Challenge aims to get more Virginia students eating breakfast

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One in six Virginia children live in families that struggle with hunger.
Across the state, schools are ramping up efforts to ensure students are getting the meals they wouldn’t have otherwise — especially breakfast. Through the end of the year, Virginia schools are competing for prizes and recognition through increased school breakfast participation.
The second annual Virginia Breakfast Challenge encourages state schools to get more students to eat breakfast through a program — “Breakfast After the Bell” — that aims to break the stigma of eating school breakfast.
In the first Virginia Breakfast Challenge last year, 1,325 schools participated and about 25,000 more students had school breakfast compared with when the challenge started.
During the 2016-17 school year, Virginia schools served about 10 million more breakfasts than four years prior.
The numbers are improving, but there’s still room for improvement, said Claire Wilker Mansfield, Virginia state director for No Kid Hungry, a campaign of national nonprofit Share Our Strength.
“There’s still lots of work to do,” Mansfield said. “Nobody wants kids to be hungry.”
Only half of Virginia students who eat school lunch start the school day with school breakfast, according to No Kid Hungry, meaning about 260,000 students don’t have school breakfast.
The challenge is trying to change that.
“Teachers know their kids are hungry. They know they need to eat,” Mansfield said. “They do well when they get the meals they need.”
Breakfast After the Bell incorporates breakfast into the classroom, whether it be during a nutrition break in the morning, a grab-and-go style as they walk to class, or having breakfast delivered to each classroom.
Increased access helps students in the classroom, first lady Dorothy McAuliffe said in a news release kicking off this year’s Virginia Breakfast Challenge.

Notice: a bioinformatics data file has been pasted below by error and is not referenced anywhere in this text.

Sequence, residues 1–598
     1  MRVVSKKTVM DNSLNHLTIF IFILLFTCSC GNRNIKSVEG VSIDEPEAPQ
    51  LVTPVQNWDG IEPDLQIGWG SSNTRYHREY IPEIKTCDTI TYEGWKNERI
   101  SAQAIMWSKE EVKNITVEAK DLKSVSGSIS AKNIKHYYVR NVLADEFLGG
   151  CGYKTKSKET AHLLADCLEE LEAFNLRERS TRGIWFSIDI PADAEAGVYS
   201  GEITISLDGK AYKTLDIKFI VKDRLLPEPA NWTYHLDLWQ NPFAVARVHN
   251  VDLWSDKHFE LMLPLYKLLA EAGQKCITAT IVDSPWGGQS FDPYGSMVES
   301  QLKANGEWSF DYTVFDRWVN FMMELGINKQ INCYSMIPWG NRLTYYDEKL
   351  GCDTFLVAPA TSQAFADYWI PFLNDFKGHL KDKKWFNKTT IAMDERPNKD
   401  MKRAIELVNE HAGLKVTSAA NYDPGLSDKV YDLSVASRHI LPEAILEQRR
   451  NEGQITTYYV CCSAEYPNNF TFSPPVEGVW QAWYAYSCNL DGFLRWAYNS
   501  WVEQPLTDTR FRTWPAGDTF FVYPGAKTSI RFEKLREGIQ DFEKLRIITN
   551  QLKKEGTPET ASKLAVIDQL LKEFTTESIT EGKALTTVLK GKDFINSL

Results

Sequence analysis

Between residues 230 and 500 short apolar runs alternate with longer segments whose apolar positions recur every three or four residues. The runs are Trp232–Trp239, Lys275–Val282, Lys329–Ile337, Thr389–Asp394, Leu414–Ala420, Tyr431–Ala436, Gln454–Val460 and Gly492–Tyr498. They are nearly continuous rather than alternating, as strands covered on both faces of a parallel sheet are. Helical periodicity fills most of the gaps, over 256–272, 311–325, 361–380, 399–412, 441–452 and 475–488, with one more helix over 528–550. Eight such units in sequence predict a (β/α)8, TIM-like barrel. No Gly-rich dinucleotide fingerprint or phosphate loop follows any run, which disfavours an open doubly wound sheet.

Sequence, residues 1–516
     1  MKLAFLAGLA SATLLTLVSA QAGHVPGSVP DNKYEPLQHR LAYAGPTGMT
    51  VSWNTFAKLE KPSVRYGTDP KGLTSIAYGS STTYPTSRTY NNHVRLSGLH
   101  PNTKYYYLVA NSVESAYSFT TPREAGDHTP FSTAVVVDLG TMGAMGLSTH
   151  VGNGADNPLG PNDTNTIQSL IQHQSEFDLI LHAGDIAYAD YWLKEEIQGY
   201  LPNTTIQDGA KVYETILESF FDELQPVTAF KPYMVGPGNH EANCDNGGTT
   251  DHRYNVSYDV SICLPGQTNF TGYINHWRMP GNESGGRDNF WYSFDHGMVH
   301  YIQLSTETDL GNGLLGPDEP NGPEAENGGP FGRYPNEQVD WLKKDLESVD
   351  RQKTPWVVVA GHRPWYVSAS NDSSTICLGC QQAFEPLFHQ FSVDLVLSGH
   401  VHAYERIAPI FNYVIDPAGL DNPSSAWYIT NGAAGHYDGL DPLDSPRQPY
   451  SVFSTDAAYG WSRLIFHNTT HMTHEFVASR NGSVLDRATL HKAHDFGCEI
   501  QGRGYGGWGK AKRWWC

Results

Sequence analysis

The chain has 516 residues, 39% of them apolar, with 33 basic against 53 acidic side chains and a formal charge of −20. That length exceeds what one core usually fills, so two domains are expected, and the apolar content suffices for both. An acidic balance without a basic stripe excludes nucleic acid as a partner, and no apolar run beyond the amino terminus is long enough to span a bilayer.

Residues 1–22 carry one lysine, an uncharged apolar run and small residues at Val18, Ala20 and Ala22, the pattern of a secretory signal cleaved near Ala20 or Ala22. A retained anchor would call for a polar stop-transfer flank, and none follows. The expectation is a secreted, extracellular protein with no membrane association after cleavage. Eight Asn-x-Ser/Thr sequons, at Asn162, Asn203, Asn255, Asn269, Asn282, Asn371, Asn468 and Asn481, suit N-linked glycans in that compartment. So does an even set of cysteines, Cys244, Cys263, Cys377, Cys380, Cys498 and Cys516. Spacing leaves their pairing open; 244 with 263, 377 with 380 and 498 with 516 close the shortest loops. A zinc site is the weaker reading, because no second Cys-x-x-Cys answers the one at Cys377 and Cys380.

“More than ever, it’s important to bridge Virginia’s nutritional divide,” she said. “We know expanding school breakfast programs helps end childhood hunger and strengthens a student’s performance.”
The lack of quality meals is far-reaching, Mansfield said.
“It’s an urban problem. It’s a rural problem,” she said. “It encompasses the entire commonwealth.”
Across the country, school breakfast is served to 14.6 million students each day, according to the School Nutrition Association. The cost ranges from $1.39 for elementary school students to $1.51 for high school students, but some school divisions across the U.S. have enacted universal free meals policies so all students are guaranteed school meals.
About 4 in 5 school breakfasts served in the U.S. are free, according to the School Nutrition Association.
“Kids need good quality food in order to learn effectively,” said Sonya Islam, a dietitian at the Children’s Hospital of Richmond at Virginia Commonwealth University.
In Virginia, the 3-month-long breakfast challenge aims to make sure they’re able to do just that.
The challenge runs through Dec. 31. Twelve school winners and four school division winners will be named in the spring.


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